Before heading off down the AAT path, you should check what applications are actually going to be available to work with the font. Although AAT support is built into Mac OS, it is not actually used by many applications. Also, note that AAT does not use anchor mark positioning, so you have to include dozens of different mark glyphs at different heights and horizontal offsets and contextually substitute them. This aspect of AAT is particularly poor.

euginb's picture

Thanks a lot, John.

It was quite a surprise for me to learn that Word 2004 (for Mac) is in fact inferior in functionality to Word 2003 (for Windows). I was suspecting that, though.

I have never fully understood "activation" of OpenType features, perhaps you can help me there: As far as I know, features must be switched on or off, eg through a drop-down menu (in InDesign). In Word 2003 you can't do that! Does that mean the mark and mkmk features are "on" by default?

Then there's the lack of detailed manuals or documentation. I am no professional type engineer so I am dependent on those. Most examples I have encountered are the "easy" ones, a liga feature perhaps and an onum feature and the regular developer is set. I haven't found much information on the features important for my project (using latin script). Well, I guess it takes some time to get accustomed to VOLT, I have only just started. Unfortunately, VOLT does not support Type-1 fonts nor CFF-Flavoured OpenType fonts, does it?

Re AAT: I won't go "down that path" for now.

dan_reynolds's picture

VOLT only support TrueType or TTF-Flavored OpenType.

John Hudson has a work-around for CFF, though. He presented it in Prague last September. It went over my head, but maybe he'll say something about it here.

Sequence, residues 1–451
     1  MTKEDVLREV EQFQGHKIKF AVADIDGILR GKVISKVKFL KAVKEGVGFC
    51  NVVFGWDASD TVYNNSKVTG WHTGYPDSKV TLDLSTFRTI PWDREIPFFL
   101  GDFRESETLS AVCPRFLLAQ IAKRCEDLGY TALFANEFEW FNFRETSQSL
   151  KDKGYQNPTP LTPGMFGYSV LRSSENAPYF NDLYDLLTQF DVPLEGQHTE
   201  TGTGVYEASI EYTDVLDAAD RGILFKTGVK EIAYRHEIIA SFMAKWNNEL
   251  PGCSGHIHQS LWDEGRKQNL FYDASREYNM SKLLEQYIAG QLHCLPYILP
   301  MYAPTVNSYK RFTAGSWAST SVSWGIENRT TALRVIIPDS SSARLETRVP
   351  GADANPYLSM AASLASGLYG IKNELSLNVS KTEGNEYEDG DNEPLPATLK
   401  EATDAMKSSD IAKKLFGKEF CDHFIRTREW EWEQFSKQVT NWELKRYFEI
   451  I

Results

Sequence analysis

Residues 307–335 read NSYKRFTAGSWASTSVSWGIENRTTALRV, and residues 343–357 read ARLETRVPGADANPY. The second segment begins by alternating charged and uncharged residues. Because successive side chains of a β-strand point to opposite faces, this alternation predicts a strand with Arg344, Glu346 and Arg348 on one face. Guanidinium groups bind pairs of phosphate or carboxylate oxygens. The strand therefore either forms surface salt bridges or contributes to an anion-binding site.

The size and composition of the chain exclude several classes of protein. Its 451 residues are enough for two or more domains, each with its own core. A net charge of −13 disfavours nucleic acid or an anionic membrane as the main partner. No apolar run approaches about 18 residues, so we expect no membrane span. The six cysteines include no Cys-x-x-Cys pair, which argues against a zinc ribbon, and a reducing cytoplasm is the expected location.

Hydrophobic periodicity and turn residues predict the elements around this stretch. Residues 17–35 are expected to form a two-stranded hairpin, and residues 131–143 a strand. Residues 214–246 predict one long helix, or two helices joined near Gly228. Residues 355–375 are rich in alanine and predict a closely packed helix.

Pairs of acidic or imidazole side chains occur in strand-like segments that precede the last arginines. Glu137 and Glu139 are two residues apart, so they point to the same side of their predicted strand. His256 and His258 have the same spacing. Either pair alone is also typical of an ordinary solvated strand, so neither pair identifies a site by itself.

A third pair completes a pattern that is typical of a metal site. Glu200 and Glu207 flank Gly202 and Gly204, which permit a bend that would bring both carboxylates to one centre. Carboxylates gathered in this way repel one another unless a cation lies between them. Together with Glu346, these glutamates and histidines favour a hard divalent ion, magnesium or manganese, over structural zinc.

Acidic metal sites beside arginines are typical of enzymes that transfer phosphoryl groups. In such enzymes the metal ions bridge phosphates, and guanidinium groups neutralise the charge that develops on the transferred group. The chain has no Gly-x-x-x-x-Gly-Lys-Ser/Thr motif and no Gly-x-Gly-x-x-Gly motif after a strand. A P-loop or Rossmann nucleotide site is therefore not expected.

John Hudson's picture

OpenType layout features are expected to be in one of three states: on by default and impossible to turn off (e.g. for the Arabic lam_alif ligature); on by default but able to be turned off (typical for 'standard' ligatures such as ffi, fi, etc.); off by default but able to be turned on (typical for discrtionary ligatures such as ct, st).

The individual feature descriptions generally indicate in what state a feature should normally be, but this needs to be intepreted by applications, and may be subject to the limitations of their user interfaces.

In the case of Word 2003, you have pretty good language processing support, but poor typographic support. So this means that features that should be on by default, which include the 'mark' and 'mkmk' features, because they are essential for proper language display, are supported, but because of the UI limitations they cannot be turned off even if this would normally be expected. So, for example, Word support for the Arabic script includes implementation of the 'rlig' and 'liga' features, but the latter cannot be turned off (other than by inserting a control character between the component characters of a ligature).

It is also important to note that Word implements OTL support via the Uniscribe script engine, which includes separate shaping engines for different scripts. So the layout features applied to support language shaping will vary from script to script.

You might find it helpful to read my essay on Windows glyph processing.

John Hudson's picture

Making CFF OpenType fonts with VOLT:

VOLT uses the TIDE, which is a font tool development environment that includes its own TT rasteriser. As far as I know, VOLT is the only tool that uses TIDE, which seemed like a good idea at the time, but no one else has implemented anything in it. One of the attractions of TIDE was that one was not limited to using the system rasteriser, but could plug in other rasterisers. However, TIDE does not include a PS rasteriser, which is why one can't work directly on CFF fonts in VOLT.

However, the problem is only in the display of glyphs in VOLT windows. You can open CFF fonts in VOLT and compile OTL tables to them.

So the work-around is to make a dummy TTF font that will be your VOLT working file. This needs to have exactly the same glyph set and order as the final CFF font, and also needs to have the same UPM value if you are doing any GPOS work. Generate this dummy TTF from your FontLab source, and open it in VOLT. Do all your VOLT development on this dummy TTF and, when you are done, export a VOLT project file. You can now open the CFF version of the same font in VOLT, import the project file, compile and ship a CFF master font containing the OTL tables that you developed using the TTF dummy.

euginb's picture

Sounds great, thanks!